I have a degree in electronic engineering. Electronic is my hobby, since primary school, I am involved in electronics. During my university, I built 5 robots and many electronic circuits. I studied mathematics, physics, electronic different laws and methods. I have my own small lab, with all testing and electronic components, 3D printer, oscilloscope and other items. Right now I am working in the electronic field too.
When it comes to making a new circuit board or someone asks me to give them a solution for a circuit board I just lose my way, and I have to think too much and go around to find the solution. For example, now I have to make a polarity tester that measures voltage from 1V to 60V. and detect the polarity positive/minus and minus/positive. But after all these years of experience and practical and theoretical test, I don’t have a clear answer in my mind. I have to go and google the question and see what other people built. Is this fine to do a google search? or do I have to make and practice more circuit boards and make more circuit boards even I don’t need them so this way I will learn more? Am I missing something here? What other electronic engineers do to become more expert in their field? For example why I can’t make a radio? what do I need to make a radio? do I have to do additional studies for making a radio?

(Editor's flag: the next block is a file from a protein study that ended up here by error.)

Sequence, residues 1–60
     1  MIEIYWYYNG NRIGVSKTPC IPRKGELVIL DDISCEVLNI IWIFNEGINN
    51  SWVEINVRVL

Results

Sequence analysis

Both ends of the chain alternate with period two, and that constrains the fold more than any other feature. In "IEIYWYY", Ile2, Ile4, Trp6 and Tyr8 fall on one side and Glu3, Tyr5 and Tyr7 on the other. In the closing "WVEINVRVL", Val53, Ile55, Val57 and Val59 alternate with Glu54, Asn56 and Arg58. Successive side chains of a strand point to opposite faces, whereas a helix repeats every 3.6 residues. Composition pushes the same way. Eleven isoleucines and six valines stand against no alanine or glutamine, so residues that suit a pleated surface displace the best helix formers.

Even my other electronics engineering friends calling me to give them a solution for their circuit board. So I don’t know if I have to read more books or practice more? Can someone give me any advice to follow?
- 1I think your post is in danger… – Light 1 hour ago
- 6Ask yourself how weak or strong your presentation of your question is… – Brian Drummond 1 hour ago
- @Light, that is not the matter. – Habib Anwari 1 hour ago
- 5I’m voting to close this question because it is not a technical question. These type of concerns might fit on a traditional discussion forum, but they are not within the narrow Q/A model of this site. – Chris Stratton 1 hour ago
- @BrianDrummond, Maybe I did not present my question well in English. English is my second language. Additionally, I speak about 5 languages. I don’t understand your answer. Do you mean I have to work on my question presentation? can you explain? – Habib Anwari 1 hour ago
- 3@HabibAnwari Light makes a good point – while what you have posted is not a technical question, being able to organize the presentation of any topic (or ultimately, any language) is essentially the same skill (the issue is not word choice, but organization). One cannot “make a radio” – but one can have a need for a specific type of radio, research applicable techniques, see which are largely implemented in available ICs and what would be needed to combine them, or where a discrete solution might have a performance advantage justifying its board-level complexity… – Chris Stratton 1 hour ago
- 3Even if I would want to read this, I only get to the second sentence as it is a “wall of text” and extremely hard to read. Divide your text in paragraphs to make it more readable. The fact that you posted this text like that makes me wonder what level your “degree” is. OK, I deal only with people that have at least a bachelor in EE so maybe my standards are too high. – Bimpelrekkie 1 hour ago
- 1@ChrisStratton, I apologise if it bothers you. I will close down the question in less than 24 hours. After I get some replies. Your opinion helps me a lot. Even if I am wrong about my question so I will understand. – Habib Anwari 1 hour ago
- 1This posting does not comply with the rules of this site, hence it will be removed by the community – Chris Stratton 1 hour ago